Effect of line shooter and mainline tension on the sink rates of pelagic longlines and implications for seabird interactions

Robertson G, Candy SG, Wienecke B (2010) Effect of line shooter and mainline tension on the sink rates of pelagic longlines and implications for seabird interactions. WCPFC, Nuku’alofa, Tonga

1. The likelihood seabirds will be hooked and drowned in longline fisheries increases when baited hooks sink slowly. Fishermen target different fishing depths by setting mainline through a line shooter which controls the tension (or slackness) in the line. An experiment was conducted in Australia's pelagic longline fishery to test the hypothesis of no difference in sink rates of baited hooks attached to mainline set under varying degrees of tension.
2. Mainline was set in three configurations typically used in the fishery: a) surface set tight with no slackness astern; b) surface set loose with two seconds of slack astern and; c) deep set loose with seven seconds of slack astern. Sink rates of baited hooks were measured using time depth recorders.
3. Tension on the mainline had a powerful effect on sink rates. Baited hooks on branch lines attached to tight mainlines reached 2 m depth nearly twice as fast as those on the two loose mainline tensions, averaging 5.8 s (0.35 m/s) compared to 9.9 s (0.20 m/s) and 11.0 s (0.18 m/s) for surface set loose and deep set loose tensions, respectively.
4. The likely reason for the difference is propeller turbulence. Tight mainline entered the water aft of the area affected by turbulence whereas the two loose mainlines and the clip ends of branch lines were set directly into it about 1 m astern of the vessel. The turbulence presumably slowed the sink rates of baited hooks at the other end of the branch lines.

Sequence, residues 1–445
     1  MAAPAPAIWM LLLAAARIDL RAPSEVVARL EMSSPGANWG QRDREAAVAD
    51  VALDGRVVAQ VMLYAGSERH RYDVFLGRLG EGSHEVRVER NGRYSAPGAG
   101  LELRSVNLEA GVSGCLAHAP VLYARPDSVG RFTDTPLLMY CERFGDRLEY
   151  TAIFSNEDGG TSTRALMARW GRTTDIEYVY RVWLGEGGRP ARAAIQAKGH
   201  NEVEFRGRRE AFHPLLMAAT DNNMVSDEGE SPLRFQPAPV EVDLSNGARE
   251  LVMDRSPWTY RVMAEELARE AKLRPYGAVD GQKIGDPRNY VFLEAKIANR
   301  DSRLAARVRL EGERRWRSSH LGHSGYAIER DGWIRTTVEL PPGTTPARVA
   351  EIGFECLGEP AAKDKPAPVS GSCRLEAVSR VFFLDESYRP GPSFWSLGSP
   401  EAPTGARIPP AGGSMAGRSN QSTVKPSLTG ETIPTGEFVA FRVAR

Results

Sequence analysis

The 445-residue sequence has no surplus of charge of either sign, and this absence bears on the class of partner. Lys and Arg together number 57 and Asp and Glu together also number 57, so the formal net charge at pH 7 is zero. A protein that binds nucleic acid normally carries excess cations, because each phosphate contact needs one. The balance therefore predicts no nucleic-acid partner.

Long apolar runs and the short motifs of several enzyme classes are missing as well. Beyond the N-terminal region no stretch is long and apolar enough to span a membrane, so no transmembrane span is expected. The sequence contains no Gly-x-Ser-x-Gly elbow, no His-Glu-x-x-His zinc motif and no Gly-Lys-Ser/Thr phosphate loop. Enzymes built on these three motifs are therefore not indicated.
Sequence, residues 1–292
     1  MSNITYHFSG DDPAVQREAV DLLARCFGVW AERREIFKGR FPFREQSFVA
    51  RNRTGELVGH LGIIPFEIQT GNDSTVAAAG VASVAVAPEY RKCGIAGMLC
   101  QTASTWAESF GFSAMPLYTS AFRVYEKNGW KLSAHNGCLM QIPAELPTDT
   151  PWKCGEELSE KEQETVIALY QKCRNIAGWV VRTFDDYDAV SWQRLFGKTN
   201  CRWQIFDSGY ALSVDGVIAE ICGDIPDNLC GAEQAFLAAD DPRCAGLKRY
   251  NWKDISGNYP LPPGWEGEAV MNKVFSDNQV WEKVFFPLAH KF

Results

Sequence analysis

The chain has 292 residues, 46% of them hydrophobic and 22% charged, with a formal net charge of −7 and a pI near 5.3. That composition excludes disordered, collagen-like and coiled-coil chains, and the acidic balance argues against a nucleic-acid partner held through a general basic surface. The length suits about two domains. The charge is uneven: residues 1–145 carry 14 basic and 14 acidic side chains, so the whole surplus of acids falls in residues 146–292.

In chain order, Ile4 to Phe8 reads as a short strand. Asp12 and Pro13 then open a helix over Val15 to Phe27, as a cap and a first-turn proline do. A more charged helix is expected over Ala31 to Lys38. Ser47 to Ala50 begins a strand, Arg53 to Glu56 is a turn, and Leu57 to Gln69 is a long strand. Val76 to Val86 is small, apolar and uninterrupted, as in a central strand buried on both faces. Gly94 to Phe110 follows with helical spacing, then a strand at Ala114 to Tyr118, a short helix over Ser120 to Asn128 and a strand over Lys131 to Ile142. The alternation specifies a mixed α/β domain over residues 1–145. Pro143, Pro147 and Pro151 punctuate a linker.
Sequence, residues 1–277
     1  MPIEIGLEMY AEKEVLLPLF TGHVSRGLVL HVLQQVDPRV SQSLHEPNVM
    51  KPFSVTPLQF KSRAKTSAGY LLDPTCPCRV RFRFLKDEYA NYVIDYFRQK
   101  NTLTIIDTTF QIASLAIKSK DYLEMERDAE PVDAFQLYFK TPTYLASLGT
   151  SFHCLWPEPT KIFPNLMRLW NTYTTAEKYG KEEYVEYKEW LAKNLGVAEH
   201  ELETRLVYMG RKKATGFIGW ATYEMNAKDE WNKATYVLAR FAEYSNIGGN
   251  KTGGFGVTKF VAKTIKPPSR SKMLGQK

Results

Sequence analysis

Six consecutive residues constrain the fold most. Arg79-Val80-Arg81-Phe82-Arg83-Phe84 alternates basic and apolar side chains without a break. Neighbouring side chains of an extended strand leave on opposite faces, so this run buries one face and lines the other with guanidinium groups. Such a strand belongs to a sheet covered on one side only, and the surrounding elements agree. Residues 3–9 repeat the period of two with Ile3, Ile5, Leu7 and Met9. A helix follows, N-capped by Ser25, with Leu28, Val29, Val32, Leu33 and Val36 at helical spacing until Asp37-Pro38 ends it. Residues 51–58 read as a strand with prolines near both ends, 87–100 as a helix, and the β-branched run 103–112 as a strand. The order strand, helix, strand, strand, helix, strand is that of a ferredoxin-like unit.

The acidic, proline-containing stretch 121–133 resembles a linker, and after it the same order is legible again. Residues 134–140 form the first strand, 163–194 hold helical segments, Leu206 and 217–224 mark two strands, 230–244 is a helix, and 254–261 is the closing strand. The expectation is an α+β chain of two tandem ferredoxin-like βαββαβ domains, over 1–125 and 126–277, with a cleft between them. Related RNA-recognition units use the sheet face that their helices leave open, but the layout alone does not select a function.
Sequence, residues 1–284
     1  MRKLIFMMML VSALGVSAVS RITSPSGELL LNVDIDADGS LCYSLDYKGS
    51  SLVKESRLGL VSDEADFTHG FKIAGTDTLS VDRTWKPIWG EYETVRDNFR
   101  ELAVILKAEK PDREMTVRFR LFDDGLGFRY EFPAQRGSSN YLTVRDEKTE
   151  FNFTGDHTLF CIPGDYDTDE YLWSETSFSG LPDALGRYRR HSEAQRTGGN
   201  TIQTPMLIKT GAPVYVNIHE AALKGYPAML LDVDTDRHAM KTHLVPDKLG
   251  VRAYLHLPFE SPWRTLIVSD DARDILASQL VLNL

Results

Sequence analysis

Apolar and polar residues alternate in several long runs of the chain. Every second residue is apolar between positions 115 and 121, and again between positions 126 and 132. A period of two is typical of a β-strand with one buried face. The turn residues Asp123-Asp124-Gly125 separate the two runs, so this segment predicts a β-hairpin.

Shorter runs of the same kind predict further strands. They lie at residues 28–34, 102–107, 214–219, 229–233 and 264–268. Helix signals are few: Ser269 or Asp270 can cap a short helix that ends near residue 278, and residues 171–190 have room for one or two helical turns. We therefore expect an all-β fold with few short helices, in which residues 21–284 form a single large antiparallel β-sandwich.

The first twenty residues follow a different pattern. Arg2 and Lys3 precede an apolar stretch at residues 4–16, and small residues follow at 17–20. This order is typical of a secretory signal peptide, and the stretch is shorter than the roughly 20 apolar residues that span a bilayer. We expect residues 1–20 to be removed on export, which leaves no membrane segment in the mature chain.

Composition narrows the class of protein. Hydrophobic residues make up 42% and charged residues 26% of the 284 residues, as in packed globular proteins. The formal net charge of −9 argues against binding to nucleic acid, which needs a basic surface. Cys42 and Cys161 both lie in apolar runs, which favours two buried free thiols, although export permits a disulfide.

5. The results suggest that mainline deployed with a line shooter (as in deep setting) into propeller turbulence at the vessel stern slows the sink rates of baited hooks, potentially increasing their availability to seabirds. Unless mainline can be set to avoid propeller turbulence the use of line shooters for deep setting should not be accepted as an effective deterrent to seabirds.
6. It is recommended that the WCPFC revise CMM 2007-04 by deleting deep setting line shooter from the list of accepted seabird bycatch mitigation measures in Table 1 of that measure.
Note: also found among the meeting documents of the Third Meeting of Seabird Bycatch Working Group (ACAP). SBWG-3 Doc 08